One thing that makes me really nostalgic for Brawl is the fact that I don’t really play video games with my friends anymore. We still play tons of board and deck-building games, but most of them are into competitive multiplayer games like League of Legends and Overwatch, things that I’m personally just not really into.

As such, Brawl reminds me of the times when we would all convene at one person’s house, order pizza, and just play until we fell asleep or our batteries died (we eventually decided that it would be a good idea to invest in rechargeable batteries). Unless I get into some type of competitive game, I don’t really see myself spending as much shared time on a game with my friends, as I did with Super Smash Bros. Brawl. I utterly adore this game, and some of my most treasured memories are intimately linked with it. And it even has Sonic in it!

My Favorite Games Of 2016

My Favorite Games Of 2016

2016 was a very familiar year in gaming for me. In this context, familiar means that the majority of the games that I was excited for and ended up loving hailed from franchises that I already had a taste for. This isn’t necessarily a bad thing either. While I’m always up for new ideas and franchises, I would never want my favorite game series to go away for too long.

Before I get into my list of top games, I have to give a shout out to a handful of titles that didn’t quite make the rankings. I absolutely adore the 2013 Tomb Raider reboot, and I was super excited for the chance to play Rise of the Tomb Raider on my PS4. While I didn’t feel as connected to the story this time around, I do think that Rise of the Tomb Raider improved on its predecessor in just about every other way.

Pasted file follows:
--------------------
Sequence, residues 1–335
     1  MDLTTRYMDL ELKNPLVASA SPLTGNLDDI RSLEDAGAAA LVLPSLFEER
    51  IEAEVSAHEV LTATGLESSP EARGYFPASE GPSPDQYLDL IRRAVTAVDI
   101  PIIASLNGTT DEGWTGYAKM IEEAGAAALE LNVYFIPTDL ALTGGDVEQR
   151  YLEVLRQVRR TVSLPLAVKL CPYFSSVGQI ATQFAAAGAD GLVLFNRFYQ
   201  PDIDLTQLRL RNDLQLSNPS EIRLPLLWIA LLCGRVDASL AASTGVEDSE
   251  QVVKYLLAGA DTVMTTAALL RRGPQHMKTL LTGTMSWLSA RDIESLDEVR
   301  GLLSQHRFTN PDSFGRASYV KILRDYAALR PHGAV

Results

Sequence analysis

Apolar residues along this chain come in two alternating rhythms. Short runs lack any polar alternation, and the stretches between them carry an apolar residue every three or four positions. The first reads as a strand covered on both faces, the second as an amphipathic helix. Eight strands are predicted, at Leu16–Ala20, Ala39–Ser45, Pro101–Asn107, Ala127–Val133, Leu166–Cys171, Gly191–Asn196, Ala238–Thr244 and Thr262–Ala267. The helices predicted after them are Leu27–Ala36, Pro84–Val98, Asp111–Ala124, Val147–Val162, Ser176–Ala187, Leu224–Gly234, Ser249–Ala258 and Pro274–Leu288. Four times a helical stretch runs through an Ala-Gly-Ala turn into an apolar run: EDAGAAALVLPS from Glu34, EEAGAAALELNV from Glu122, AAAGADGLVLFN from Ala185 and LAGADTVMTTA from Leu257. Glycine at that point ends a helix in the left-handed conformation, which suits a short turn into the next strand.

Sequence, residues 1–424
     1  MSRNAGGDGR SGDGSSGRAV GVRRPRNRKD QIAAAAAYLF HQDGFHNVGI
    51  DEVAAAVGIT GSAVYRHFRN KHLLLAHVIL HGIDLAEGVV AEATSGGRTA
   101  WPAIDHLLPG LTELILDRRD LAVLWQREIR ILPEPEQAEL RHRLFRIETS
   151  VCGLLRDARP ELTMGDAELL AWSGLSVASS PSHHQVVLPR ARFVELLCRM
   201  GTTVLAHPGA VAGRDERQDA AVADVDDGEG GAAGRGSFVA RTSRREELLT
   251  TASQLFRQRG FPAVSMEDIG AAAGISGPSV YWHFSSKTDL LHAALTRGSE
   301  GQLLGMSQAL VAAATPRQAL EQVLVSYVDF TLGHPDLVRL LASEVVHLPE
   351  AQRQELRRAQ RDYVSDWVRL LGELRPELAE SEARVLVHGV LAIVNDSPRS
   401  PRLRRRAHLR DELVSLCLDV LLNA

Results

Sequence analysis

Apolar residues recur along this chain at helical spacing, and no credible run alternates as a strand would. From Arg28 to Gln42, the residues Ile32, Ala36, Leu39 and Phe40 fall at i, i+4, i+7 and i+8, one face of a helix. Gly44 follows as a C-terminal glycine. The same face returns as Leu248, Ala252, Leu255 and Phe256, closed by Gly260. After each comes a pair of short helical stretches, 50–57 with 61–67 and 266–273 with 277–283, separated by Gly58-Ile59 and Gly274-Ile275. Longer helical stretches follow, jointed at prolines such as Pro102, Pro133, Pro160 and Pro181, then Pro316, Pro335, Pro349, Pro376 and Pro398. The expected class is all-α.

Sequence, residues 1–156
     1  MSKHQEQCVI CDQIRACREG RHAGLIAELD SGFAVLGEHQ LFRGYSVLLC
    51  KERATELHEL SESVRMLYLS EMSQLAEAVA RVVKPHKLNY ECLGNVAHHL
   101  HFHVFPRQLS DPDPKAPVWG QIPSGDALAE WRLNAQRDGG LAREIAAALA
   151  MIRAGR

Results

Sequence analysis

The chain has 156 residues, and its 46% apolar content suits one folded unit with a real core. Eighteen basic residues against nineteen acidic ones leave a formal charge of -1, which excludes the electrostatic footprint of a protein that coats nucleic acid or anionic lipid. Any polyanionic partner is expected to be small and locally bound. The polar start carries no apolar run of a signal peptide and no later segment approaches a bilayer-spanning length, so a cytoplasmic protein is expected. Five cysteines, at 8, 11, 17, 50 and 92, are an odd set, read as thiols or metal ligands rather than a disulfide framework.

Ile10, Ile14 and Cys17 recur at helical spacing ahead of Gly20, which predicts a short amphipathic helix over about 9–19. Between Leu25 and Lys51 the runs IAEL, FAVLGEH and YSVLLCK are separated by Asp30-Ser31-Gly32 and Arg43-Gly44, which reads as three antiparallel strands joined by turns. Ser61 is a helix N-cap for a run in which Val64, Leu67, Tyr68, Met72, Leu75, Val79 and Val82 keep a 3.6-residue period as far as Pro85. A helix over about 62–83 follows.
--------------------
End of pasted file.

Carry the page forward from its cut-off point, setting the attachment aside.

Pokemon Sun and Moon are excellent installments in the long running franchise, and easily the best since Black and White 2. The removal of Gyms in favor of a region spanning Island Trial, in conjunction with a cultured and colorful Hawaiian setting made Sun and Moon super refreshing to play as a lifelong Pokemon fan.

Shantae Half Genie Hero rounds out my honorable mentions. While I haven’t quite beaten the game, I’ve definitely played more than enough to fall in love with it. Shantae controls like a dream, and the gorgeous 2d art style makes traversing the levels super exciting. Plus, Half Genie Hero does a really good job at getting me addicted to its Metroidvania elements.

I now present to you, in order of release date, my favorite games of 2016!

Naruto Shippuden: Ultimate Ninja Storm 4

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I’ve been a fan of the Ultimate Ninja games since the first one released on the PS2, and I was extremely excited about Ultimate Ninja Storm 4. It looked like it was going to have everything it needed to be the best Ultimate Ninja Storm game to date, and it mostly succeeded. While I’m not happy with certain things that were done in terms of story presentation, everything else in the game was phenomenal.